It’s my last week in Oxford. This week has been a whirlwind of communicating with grad schools, studying for finals, and trying to soak in every bit of Oxford that I can before I leave. Studying here has been such a good experience and it’s breaking my heart knowing that on Sunday at 4 AM I’ll be leaving England. Yesterday I was hitting my boiling point. AZ State needs my final decision about accepting or declining their program by the 15th (in two days). However, my application is still in review. Naturally, this is very frustrating. To make matters worse, the director has been trying to contact during the middle of the night my time. (Oxford and Tempe are a 8 hour difference.) I was melting from stress and lack of sleep so I decided I needed to get out of the dorms and take a nice long walk.
I walked all over Oxford. I’m sure that I walked at least five miles. I walked over a giant stone bridge and there below the bridge were punting boats in a gorgeous river with weeping willows spilling into it. There was a park next to the river with gardens that stretched as far as my eye could see. It looked so peaceful and which was the perfect foil to my scrambled brain.
I walked down the green slope and into a little visitors center. I found it costed 3.50 to go in but what the heck. As I walked in the doors I exhaled every negative feeling that had been building the past few days. I sat down on a bench and analyzed the map I had been given in the visitors center. The garden was divided into the “Walled Garden” and the “Lower Garden” as well as seven large glasshouses. The entire garden hosts 8,000 different plant species in all. I was so lost in my map that I didn’t notice that three ducks had waddled up to me and were literally sitting right at my feet. They were surprisingly friendly and splashed around in a rain puddle only a foot away from my bench. One especially friendly female came right up to my foot and inspected my black combat boots. The sun came out from behind a cloud and shone down on me. I closed my eyes and lifted my head to the sky. I felt so good in that moment.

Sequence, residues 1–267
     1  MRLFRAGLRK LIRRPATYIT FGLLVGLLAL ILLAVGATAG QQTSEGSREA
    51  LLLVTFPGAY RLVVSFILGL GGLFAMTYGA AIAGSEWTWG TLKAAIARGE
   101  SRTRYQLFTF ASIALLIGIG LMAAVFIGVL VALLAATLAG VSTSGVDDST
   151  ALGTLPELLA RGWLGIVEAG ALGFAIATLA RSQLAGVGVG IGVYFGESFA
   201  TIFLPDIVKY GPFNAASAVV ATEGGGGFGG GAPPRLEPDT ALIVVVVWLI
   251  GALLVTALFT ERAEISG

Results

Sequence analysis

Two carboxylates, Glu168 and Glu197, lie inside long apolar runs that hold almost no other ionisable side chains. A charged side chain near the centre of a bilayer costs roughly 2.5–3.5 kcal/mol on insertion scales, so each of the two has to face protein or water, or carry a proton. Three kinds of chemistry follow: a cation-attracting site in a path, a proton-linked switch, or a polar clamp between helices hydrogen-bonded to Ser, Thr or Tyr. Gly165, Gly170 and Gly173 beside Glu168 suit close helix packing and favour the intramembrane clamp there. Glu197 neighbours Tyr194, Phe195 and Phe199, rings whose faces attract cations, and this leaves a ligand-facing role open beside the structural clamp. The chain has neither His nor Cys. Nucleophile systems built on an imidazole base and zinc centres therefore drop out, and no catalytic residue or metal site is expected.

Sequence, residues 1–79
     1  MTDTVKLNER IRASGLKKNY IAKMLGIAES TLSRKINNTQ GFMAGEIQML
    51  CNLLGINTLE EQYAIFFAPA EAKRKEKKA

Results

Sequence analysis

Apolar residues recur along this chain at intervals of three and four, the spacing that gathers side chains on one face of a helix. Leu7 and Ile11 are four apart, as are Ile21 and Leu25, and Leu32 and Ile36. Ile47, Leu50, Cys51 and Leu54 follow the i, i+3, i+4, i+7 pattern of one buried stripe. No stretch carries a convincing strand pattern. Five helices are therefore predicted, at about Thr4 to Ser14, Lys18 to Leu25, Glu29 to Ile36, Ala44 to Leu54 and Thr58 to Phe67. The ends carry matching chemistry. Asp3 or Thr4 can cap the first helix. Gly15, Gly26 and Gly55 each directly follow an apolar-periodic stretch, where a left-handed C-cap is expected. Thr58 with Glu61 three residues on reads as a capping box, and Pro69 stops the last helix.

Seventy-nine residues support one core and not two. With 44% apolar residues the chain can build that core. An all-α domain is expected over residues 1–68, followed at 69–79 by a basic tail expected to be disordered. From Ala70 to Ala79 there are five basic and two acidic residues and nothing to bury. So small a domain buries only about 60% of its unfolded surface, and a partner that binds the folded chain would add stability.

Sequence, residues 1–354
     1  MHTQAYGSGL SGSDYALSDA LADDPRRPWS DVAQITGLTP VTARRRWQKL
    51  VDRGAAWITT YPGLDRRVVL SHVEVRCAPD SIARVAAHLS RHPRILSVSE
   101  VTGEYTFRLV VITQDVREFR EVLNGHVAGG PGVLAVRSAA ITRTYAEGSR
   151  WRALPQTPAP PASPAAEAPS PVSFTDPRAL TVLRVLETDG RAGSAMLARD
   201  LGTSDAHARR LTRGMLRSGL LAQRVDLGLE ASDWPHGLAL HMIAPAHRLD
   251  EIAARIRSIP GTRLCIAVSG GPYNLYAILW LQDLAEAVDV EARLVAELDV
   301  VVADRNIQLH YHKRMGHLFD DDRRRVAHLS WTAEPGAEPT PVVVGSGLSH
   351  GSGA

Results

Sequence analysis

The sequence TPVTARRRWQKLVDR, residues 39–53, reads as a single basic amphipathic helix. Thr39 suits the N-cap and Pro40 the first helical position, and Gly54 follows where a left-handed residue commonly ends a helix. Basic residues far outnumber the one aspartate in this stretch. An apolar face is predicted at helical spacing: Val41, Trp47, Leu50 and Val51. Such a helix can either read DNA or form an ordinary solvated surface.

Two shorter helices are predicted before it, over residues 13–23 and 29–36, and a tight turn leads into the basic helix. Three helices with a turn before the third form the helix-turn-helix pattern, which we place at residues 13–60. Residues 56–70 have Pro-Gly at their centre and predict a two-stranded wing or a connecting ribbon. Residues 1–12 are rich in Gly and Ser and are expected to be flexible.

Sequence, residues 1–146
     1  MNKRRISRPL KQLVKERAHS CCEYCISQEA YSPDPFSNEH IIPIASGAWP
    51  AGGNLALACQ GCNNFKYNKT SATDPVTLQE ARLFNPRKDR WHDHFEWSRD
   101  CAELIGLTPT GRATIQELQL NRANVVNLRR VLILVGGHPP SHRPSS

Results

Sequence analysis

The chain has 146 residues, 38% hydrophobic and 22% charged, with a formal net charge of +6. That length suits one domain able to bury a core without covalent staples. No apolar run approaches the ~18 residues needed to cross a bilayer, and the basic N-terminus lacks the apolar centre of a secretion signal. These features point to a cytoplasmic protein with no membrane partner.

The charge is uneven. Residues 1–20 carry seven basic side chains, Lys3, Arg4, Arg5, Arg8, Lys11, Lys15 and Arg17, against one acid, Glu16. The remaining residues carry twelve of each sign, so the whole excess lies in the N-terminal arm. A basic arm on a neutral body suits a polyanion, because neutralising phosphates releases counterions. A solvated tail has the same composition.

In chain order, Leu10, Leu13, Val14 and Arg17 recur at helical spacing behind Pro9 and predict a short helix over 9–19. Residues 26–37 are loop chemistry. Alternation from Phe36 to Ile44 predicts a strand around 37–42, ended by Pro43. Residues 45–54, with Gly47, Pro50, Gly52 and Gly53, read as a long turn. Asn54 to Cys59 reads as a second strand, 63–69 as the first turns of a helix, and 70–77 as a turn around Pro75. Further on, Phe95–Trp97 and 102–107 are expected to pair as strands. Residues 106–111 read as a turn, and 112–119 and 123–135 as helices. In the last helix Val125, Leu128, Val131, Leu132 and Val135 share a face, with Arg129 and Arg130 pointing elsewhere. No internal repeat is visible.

The first glasshouse I went into was full of tropical plants and trees. There was a cotton plant which had a really neat description about how valuable the cotton plant is. It provides a many people their livelihood as well as providing millions with clothing. There were palms, vines, and tropical flowers. The air was humid and at least 90 degrees. I felt like I had been transported to a different continent and I was loving it. I could have stayed in there forever if I hadn’t decided to wear a sweater. I think my favorite part of the gardens was how empty they were! The entire time I was there I saw only four or five people! It was so relaxing to just have my earbuds in and walk around glasshouse to glasshouse, and around the paths in the outside gardens. It was very well designed because I didn’t necessarily try to follow a certain path through the garden. I just let myself wander and somehow I found myself at the exit around 5:00 which is their closing time.
These were plants from the Southwestern regions. I expected the glasshouse to have a very dry heat but surprisingly it wasn’t hot at all. It was very dry but probably only 60 degrees.
This is what you call an instant mood lift.
When I first got into the garden I wondered if it was weird to go by myself. It wasn’t. There is something so wonderful about walking through the greenery and flowers alone listening to music that makes you happy. I was left with my thoughts and for the first time all week they didn’t overwhelm me. The environment was so positive that I was able to logically sort out my thoughts and make plans to deal with grad school, travel, and finals plans. The only downside to being alone was the emabarrasing amount of selfies I took with plants. It would have been a lot more socially acceptable if someone else was there to take pictures for me. That wasn’t really an issue either though because like I said, there were only four or five people in the entire park.
It was a wonderful day.